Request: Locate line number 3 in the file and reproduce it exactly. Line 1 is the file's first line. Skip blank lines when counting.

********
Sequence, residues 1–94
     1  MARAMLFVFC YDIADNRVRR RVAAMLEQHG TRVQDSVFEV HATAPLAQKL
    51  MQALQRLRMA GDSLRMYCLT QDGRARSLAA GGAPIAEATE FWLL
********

    51  MQALQRLRMA GDSLRMYCLT QDGRARSLAA GGAPIAEATE FWLL